The structure of our securities markets is obviously important. Nevertheless, the full potential of our markets will not be realized unless investors are confident that the markets present a fair and level playing field. It is important that we all work together to create an environment in which investors have confidence that their interests take precedence over the interests of intermediaries.

One key ingredient here is preserving the confidentiality of the information that investors entrust to their intermediaries. This is a matter of enormous consequence for mutual funds, who hold about one out of every five dollars of US equities and are responsible for about 10 percent of average daily trading volume.

Unfortunately, confidentiality and anonymity are not conditions we can take for granted. As several recent cases brought by the SEC illustrate, there are individuals and firms quite prepared to profit unlawfully by obtaining information about mutual fund and other institutional orders and trades and then “trading ahead” of those orders. We owe it to fund shareholders and the market at large to root out such abuses, where they exist.

We are pleased that the SEC, in particular the Office of Compliance Inspections and Examinations and the Division of Market Regulation, is alert to this problem. In a recent letter to SEC Chairman Cox, I outlined further steps the Commission might take to protect the confidentiality of investor trading information and eliminate “leakage.”

In particular, we believe the SEC should:

  • continue vigorous enforcement of existing regulations prohibiting the disclosure of confidential information in the possession of market participants involved in the trading process;
  • continue to focus on issues relating to the leakage of confidential information during its examinations of market participants, and insist upon proper policies and procedures to safeguard such information;
  • assess more broadly the implications of its examination findings and report on the adequacy of market participants’ policies and procedures; and
  • finally, firmly reiterate in its public guidance to market participants their responsibilities to guard against disclosure and improper use of investor trading information.

We appreciate the continuing vigilance of the Commission – and that of the many intermediary partners with whom we work daily – to guard against abuses of this kind and protect the interests of funds and their shareholders.

Ensuring a Strong and Effective System of Regulatory Oversight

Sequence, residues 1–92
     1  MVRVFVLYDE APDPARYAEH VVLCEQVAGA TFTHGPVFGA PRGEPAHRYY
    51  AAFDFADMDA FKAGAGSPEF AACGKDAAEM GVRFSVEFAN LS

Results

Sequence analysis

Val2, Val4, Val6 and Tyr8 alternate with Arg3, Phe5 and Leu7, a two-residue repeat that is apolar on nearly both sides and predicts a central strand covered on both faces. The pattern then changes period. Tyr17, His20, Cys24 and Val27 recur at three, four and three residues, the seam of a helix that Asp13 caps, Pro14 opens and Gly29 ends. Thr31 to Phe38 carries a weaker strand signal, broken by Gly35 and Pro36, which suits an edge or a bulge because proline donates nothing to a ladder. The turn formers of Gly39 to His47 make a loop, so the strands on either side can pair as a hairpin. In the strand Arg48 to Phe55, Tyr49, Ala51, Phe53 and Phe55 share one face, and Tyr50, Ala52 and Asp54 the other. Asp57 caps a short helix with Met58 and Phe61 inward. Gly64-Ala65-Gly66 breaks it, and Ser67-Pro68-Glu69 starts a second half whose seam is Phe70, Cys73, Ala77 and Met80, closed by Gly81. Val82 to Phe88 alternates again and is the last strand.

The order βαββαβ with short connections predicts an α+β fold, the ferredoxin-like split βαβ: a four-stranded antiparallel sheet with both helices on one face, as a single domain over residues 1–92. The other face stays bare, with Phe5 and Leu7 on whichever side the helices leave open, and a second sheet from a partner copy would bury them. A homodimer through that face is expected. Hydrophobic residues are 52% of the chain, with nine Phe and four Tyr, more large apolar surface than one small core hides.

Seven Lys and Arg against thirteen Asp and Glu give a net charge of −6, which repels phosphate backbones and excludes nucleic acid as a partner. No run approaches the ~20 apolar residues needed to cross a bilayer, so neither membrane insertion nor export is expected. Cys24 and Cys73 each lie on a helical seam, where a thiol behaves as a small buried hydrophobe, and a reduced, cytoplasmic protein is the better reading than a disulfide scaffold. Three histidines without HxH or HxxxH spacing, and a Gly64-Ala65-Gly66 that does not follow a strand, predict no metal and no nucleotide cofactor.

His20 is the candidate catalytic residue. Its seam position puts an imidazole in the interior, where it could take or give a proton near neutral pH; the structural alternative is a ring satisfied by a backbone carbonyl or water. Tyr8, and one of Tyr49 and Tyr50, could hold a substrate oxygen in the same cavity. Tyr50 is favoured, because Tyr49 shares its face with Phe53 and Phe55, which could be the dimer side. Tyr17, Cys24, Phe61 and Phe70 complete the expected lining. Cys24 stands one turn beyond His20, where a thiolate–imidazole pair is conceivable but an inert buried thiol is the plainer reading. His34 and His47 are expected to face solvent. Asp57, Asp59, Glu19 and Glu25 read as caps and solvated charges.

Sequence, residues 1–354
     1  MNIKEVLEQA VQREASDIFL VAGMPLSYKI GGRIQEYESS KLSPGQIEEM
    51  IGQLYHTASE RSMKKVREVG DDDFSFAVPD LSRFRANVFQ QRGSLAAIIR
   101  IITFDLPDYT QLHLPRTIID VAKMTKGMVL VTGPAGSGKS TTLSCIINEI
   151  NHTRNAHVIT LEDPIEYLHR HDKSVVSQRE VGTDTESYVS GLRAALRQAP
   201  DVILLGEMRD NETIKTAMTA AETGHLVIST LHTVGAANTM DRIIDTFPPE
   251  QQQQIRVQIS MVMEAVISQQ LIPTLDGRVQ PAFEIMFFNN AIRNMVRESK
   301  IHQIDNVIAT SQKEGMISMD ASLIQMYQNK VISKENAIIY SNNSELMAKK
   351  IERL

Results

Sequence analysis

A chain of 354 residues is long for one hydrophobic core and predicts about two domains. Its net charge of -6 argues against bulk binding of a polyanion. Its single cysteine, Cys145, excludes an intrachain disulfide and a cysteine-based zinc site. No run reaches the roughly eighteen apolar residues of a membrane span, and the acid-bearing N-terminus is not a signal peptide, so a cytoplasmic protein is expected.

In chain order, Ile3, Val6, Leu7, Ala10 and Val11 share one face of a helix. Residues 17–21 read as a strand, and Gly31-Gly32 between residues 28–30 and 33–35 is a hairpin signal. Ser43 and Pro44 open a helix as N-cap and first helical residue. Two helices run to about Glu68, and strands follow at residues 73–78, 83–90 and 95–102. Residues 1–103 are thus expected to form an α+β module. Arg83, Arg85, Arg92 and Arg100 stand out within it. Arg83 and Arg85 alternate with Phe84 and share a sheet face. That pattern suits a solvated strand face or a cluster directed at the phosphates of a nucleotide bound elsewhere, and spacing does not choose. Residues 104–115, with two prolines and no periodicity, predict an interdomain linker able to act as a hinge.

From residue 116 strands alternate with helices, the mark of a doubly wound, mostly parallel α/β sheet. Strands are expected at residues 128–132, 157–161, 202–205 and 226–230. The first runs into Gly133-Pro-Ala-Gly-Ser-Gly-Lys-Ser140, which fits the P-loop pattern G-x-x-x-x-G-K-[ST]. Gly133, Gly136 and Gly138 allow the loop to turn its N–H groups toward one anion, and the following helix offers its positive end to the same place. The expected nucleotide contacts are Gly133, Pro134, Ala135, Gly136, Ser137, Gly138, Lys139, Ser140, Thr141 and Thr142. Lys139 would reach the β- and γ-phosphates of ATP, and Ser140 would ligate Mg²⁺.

The evolution of our markets also makes it important to re-examine current arrangements for oversight and regulation – to determine whether, and how well, the current system meets the needs of investors. There is much at stake, and we commend the Commission’s timely consideration of the operation and structure of the SROs.

As the Commission noted in its recent proposals in this area, SROs are charged with an important public trust to carry out their self-regulatory responsibilities effectively and fairly while, among other things, protecting investors. The Institute supports the Commission in its objective of more effectively managing the potential conflicts of interest of SROs and increasing the transparency of their governance structure. We also support efforts in this area to eliminate duplicative regulatory requirements and promote uniform rules.

In general, we believe markets and investors would benefit from establishment of a single set of standards for market participants to follow – especially standards that implicate core investor protections and that are designed to prevent violations of the securities laws. If a lack of uniformity in these areas hinders the detection of securities laws violations, the Commission clearly must conduct a careful review and take necessary remedial action.

At the same time, the Commission should be cautious to avoid establishing rules that are unnecessarily burdensome. Such an outcome could impede market participants in fulfilling their regulatory and administrative responsibilities. Who would that hurt? The very people whom regulation is intended to help – investors.

Conclusion

As you can see, we’ve got a full agenda at this year’s conference – with serious issues to command our attention, and serious thinkers to participate in the debate. Now and in the future, the Institute welcomes the opportunity to engage on these and other important issues affecting our securities markets. We also look forward to working with all parties concerned to achieve the full potential and preserve the integrity of these markets, and thereby advance the interests of our shareholders.

Thank you for your attention. I hope you enjoy the conference.